Microsoft Office Tutorials and References
In Depth Information
Adjusting Effect Options
Choose a color that’s close to the slide’s background but still visible, such as gray
on a white or black background or pale blue on a dark blue background. Figure
23-13 shows an example of dimmed text.
PowerPoint shows you a preview of how your dimmed text will look. In the
preview, the text dims immediately. In an actual slideshow, however, it waits until
the next object enters.
Repeat these steps until you’ve applied the effect to all the text you want to dim. To
test that dimming works the way you want it to, take a look at the slide in Reading
or Slide Show view.
Tip: Dimming works great when you’re animating a bulleted or numbered list. Page 651 shows you how
to animate a list so that each item on the list enters separately.
Dim previously discussed text to keep the focus on the current topic.
Note: If you really want to focus the audience’s attention, use the “After animation” drop-down menu to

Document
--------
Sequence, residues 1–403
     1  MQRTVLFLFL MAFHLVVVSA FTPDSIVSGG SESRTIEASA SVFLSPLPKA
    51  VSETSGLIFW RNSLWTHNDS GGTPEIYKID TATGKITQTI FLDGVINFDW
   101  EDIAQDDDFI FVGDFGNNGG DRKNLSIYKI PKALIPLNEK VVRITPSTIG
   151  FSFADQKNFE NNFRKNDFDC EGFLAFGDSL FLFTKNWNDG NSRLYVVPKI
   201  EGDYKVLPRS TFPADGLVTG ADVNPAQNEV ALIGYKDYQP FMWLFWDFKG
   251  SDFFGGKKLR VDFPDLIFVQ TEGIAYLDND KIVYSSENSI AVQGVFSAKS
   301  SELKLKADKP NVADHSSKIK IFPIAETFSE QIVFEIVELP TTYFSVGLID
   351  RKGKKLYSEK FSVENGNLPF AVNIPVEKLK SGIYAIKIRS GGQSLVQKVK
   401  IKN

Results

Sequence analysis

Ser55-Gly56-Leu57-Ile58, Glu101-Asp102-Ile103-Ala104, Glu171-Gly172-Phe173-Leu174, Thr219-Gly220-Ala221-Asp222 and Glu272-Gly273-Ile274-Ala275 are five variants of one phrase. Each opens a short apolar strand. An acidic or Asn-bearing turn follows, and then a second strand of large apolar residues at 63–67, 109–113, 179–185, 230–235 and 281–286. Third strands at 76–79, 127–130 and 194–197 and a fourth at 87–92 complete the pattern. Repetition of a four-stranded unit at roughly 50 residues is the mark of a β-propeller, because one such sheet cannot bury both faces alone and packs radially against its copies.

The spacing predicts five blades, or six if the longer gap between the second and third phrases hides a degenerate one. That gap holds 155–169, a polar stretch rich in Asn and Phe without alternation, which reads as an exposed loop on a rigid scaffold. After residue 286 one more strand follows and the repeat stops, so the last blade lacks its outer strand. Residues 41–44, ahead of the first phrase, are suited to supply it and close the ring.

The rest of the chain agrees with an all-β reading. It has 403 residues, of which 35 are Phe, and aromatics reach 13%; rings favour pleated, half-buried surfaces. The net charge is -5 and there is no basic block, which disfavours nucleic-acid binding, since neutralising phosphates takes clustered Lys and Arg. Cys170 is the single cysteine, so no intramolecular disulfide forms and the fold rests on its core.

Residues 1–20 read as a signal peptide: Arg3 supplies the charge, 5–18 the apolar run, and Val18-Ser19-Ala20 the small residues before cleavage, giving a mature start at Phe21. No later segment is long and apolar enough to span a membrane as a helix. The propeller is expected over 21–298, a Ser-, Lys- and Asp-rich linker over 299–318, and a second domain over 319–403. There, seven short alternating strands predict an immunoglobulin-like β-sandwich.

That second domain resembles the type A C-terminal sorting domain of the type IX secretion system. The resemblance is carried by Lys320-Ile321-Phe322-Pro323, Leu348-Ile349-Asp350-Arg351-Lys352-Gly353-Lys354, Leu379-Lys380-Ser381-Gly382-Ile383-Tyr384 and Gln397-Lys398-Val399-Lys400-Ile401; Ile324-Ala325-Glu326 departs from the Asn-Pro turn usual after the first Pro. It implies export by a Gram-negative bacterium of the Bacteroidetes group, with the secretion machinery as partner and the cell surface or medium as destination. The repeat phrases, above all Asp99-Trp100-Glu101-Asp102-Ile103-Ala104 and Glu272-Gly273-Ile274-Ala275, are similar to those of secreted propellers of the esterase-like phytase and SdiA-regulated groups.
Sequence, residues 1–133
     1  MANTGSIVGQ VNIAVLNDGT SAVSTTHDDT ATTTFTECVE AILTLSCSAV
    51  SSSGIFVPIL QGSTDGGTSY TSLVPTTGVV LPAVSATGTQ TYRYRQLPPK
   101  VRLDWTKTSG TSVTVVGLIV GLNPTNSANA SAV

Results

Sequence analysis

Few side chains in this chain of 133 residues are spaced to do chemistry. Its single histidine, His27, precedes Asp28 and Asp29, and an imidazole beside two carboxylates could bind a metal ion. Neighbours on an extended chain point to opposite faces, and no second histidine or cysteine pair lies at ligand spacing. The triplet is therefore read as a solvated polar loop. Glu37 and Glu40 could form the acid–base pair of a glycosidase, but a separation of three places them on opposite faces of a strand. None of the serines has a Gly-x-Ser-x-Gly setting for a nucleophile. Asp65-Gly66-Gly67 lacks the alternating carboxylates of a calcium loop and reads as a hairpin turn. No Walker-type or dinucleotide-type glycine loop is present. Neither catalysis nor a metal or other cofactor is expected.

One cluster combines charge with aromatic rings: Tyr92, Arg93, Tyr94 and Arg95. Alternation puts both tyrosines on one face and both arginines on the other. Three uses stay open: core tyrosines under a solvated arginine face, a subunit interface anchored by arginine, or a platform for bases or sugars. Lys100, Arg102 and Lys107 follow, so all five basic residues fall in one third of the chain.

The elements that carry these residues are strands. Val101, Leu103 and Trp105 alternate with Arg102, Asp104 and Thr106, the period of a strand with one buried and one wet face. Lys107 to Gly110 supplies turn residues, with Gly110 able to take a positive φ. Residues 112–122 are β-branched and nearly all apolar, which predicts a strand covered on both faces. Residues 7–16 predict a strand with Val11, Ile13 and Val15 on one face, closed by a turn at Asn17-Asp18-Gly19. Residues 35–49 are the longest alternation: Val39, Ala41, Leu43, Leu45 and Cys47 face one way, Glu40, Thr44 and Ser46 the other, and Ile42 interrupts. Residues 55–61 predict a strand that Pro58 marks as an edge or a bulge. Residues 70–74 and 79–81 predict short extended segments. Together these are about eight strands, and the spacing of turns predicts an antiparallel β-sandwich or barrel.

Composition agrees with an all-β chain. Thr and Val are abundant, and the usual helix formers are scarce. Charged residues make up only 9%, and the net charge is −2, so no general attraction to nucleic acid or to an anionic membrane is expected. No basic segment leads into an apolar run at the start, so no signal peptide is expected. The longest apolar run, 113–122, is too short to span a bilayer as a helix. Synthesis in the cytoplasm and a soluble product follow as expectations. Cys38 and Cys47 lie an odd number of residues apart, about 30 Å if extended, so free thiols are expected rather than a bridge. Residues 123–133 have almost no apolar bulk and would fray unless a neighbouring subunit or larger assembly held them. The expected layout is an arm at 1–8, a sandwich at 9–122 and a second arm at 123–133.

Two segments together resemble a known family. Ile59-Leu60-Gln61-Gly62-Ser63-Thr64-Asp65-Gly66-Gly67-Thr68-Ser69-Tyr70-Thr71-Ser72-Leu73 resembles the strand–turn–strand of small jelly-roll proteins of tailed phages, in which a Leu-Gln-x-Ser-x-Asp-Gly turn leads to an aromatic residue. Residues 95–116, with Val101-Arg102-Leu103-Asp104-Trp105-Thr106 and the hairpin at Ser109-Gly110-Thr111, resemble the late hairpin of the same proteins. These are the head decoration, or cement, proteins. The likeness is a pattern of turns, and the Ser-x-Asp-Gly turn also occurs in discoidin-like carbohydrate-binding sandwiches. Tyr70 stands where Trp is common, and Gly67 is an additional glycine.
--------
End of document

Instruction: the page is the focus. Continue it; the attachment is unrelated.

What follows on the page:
make the previous object disappear when the next object enters or when you click the mouse. Choose
Hide After Animation or Hide on Next Mouse Click.
Animating paragraphs and words
When you animate a text box, the text inside that box usually enters all at once.
So if you have a short paragraph, for example, that’s flying in from the left, the
whole paragraph flies in together. If you’d rather have the text enter word by word
or even letter by letter, select the animated text box and open the Additional Effect
Options dialog box (Figure 23-12) by clicking Animations ➝ Show Additional
Effect Options (Alt, A, M).
In the dialog box, go to the “Animate text” drop-down list and select one of these options:
• By word. The text enters one word at a time.
• By letter. The text enters one letter at a time.